Haydale, (AIM: HAYD), the global advanced materials group, notes the announcement made yesterday from the University of Central Lancashire (UCLAN) about the recent unveiling of the world’s first graphene skinned plane at the internationally renowned Farnborough air show.

The prepreg material, developed by Haydale, has potential value for fuselage and wing surfaces in larger scale aero and space applications especially for the rapidly expanding drone market and, in the longer term, the commercial aerospace sector. By incorporating functionalised nanoparticles into epoxy resins, the electrical conductivity of fibre-reinforced composites has been significantly improved for lightning-strike protection, thereby achieving substantial weight saving and removing some manufacturing complexities.

Before getting to the photo, here’s a definition for pre-preg from its Wikipedia entry (Note: Links have been removed),

Pre-preg is “pre-impregnated” composite fibers where a thermoset polymer matrix material, such as epoxy, or a thermoplastic resin is already present. The fibers often take the form of a weave and the matrix is used to bond them together and to other components during manufacture.

Haydale has supplied graphene enhanced prepreg material for Juno, a three-metre wide graphene-enhanced composite skinned aircraft, that was revealed as part of the ‘Futures Day’ at Farnborough Air Show 2018. [downloaded from https://www.azonano.com/news.aspx?newsID=36298]

A July 31, 2018 University of Central Lancashire (UCLan) press release provides a tiny bit more (pun intended) detail,

The University of Central Lancashire (UCLan) has unveiled the world’s first graphene skinned plane at an internationally renowned air show.

Juno, a three-and-a-half-metre wide graphene skinned aircraft, was revealed on the North West Aerospace Alliance (NWAA) stand as part of the ‘Futures Day’ at Farnborough Air Show 2018.

The University’s aerospace engineering team has worked in partnership with the Sheffield Advanced Manufacturing Research Centre (AMRC), the University of Manchester’s National Graphene Institute (NGI), Haydale Graphene Industries (Haydale) and a range of other businesses to develop the unmanned aerial vehicle (UAV), which also includes graphene batteries and 3D printed parts.

Billy Beggs, UCLan’s Engineering Innovation Manager, said: “The industry reaction to Juno at Farnborough was superb with many positive comments about the work we’re doing. Having Juno at one the world’s biggest air shows demonstrates the great strides we’re making in leading a programme to accelerate the uptake of graphene and other nano-materials into industry.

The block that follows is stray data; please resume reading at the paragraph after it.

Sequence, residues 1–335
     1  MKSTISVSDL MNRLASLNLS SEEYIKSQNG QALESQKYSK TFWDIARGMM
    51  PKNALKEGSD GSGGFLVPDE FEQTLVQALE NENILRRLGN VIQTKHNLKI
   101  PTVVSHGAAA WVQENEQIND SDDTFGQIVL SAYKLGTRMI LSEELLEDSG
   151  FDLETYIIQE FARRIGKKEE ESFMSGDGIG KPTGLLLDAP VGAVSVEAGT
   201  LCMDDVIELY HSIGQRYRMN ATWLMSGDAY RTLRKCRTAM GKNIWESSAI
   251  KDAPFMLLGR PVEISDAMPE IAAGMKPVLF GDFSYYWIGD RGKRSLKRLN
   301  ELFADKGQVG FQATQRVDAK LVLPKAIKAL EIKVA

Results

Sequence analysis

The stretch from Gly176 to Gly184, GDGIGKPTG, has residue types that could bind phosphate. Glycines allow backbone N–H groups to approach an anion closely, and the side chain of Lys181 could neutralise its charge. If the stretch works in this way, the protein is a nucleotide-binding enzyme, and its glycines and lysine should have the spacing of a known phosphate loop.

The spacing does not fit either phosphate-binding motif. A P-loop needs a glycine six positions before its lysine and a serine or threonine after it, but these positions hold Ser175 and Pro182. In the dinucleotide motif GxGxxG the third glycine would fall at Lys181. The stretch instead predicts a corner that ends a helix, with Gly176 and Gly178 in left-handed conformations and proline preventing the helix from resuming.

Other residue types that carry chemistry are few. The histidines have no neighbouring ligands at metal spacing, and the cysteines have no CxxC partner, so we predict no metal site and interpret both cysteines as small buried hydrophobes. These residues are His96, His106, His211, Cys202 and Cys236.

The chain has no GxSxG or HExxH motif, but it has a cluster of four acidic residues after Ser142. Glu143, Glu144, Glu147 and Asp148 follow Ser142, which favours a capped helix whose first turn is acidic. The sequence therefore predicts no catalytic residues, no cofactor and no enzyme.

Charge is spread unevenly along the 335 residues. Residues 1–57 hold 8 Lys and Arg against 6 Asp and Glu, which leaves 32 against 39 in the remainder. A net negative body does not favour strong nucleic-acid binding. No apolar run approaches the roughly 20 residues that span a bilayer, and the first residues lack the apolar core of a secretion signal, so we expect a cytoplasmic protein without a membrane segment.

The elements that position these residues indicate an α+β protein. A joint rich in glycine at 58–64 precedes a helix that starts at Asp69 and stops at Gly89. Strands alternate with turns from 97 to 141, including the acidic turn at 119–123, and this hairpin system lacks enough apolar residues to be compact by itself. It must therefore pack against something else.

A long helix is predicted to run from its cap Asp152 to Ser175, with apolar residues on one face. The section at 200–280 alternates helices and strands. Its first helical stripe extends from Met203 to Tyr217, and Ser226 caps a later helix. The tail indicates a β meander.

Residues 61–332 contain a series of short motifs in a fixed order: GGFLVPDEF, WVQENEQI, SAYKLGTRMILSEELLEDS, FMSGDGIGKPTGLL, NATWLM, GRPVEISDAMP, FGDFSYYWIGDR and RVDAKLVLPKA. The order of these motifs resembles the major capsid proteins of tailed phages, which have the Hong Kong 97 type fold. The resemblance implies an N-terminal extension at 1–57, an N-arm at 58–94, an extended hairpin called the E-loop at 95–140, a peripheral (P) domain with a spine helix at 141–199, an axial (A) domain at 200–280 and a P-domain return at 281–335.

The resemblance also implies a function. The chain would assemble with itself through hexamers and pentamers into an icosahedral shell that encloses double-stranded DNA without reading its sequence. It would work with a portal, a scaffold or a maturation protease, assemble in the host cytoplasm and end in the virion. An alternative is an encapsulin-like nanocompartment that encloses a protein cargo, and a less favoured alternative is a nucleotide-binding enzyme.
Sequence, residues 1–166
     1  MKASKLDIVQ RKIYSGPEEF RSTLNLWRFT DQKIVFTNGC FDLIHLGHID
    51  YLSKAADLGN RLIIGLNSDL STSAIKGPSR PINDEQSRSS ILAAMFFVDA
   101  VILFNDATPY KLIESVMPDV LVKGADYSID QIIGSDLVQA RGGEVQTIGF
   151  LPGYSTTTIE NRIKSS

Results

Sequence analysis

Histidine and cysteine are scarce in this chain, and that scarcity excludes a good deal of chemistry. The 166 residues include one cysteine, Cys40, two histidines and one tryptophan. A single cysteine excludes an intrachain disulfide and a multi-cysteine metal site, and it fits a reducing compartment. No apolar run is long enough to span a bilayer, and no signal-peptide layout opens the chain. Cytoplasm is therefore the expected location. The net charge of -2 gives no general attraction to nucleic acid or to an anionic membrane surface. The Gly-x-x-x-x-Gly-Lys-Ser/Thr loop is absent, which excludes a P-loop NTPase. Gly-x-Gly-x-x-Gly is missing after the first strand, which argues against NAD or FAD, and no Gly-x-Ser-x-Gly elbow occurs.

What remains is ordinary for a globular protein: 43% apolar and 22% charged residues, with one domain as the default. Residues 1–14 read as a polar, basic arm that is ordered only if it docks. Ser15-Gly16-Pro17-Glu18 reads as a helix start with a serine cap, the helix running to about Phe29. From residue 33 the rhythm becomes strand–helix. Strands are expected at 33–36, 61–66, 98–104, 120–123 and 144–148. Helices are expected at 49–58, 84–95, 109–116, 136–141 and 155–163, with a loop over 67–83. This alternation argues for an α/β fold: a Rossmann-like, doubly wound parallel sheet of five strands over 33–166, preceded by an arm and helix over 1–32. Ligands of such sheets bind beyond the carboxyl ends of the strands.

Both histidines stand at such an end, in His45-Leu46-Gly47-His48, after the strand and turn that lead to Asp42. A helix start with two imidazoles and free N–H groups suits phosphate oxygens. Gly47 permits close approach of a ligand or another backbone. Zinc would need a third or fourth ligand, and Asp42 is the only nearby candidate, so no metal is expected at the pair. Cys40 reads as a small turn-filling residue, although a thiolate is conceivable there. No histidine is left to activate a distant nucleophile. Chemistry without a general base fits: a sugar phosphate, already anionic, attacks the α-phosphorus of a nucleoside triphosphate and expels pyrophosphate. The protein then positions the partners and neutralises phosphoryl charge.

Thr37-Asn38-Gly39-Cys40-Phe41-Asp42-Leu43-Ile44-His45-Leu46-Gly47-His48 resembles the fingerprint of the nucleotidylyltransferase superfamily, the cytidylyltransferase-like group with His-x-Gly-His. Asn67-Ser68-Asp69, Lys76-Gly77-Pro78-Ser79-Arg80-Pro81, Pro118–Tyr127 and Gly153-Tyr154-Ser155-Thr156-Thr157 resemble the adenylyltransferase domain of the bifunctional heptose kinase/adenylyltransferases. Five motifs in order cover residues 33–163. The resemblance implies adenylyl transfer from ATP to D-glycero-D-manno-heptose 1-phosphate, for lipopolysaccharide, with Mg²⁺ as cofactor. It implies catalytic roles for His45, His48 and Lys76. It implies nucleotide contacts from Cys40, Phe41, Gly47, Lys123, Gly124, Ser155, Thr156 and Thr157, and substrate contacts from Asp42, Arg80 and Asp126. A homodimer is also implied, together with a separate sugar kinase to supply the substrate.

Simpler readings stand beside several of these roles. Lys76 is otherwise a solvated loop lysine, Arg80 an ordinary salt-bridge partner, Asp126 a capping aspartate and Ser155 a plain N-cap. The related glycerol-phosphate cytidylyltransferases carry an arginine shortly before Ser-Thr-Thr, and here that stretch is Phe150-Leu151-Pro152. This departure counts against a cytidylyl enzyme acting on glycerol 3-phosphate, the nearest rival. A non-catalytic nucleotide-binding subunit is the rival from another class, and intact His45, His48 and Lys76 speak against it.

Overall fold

“The programme supports the objectives of the UK Industrial Strategy and the University’s Engineering Innovation Centre (EIC) to increase industry relevant research and applications linked to key local specialisms. Given that Lancashire represents the fourth largest aerospace cluster in the world, there is perhaps no better place to be developing next generation technologies for the UK aerospace industry.”

Previous graphene developments at UCLan have included the world’s first flight of a graphene skinned wing and the launch of a specially designed graphene-enhanced capsule into near space using high altitude balloons.

UCLan engineering students have been involved in the hands-on project, helping build Juno on the Preston Campus.

Haydale supplied much of the material and all the graphene used in the aircraft. Ray Gibbs, Chief Executive Officer, said: “We are delighted to be part of the project team. Juno has highlighted the capability and benefit of using graphene to meet key issues faced by the market, such as reducing weight to increase range and payload, defeating lightning strike and protecting aircraft skins against ice build-up.”

David Bailey Chief Executive of the North West Aerospace Alliance added: “The North West aerospace cluster contributes over £7 billion to the UK economy, accounting for one quarter of the UK aerospace turnover. It is essential that the sector continues to develop next generation technologies so that it can help the UK retain its competitive advantage. It has been a pleasure to support the Engineering Innovation Centre team at the University in developing the world’s first full graphene skinned aircraft.”

The Juno project team represents the latest phase in a long-term strategic partnership between the University and a range of organisations. The partnership is expected to go from strength to strength following the opening of the £32m EIC facility in February 2019.

The next step is to fly Juno and conduct further tests over the next two months.

Next item, a new carbon material.

Schwarzite

I love watching this gif of a schwarzite,

The three-dimensional cage structure of a schwarzite that was formed inside the pores of a zeolite. (Graphics by Yongjin Lee and Efrem Braun)

An August 13, 2018 news item on Nanowerk announces the new carbon structure,

The discovery of buckyballs [also known as fullerenes, C60, or buckminsterfullerenes] surprised and delighted chemists in the 1980s, nanotubes jazzed physicists in the 1990s, and graphene charged up materials scientists in the 2000s, but one nanoscale carbon structure – a negatively curved surface called a schwarzite – has eluded everyone. Until now.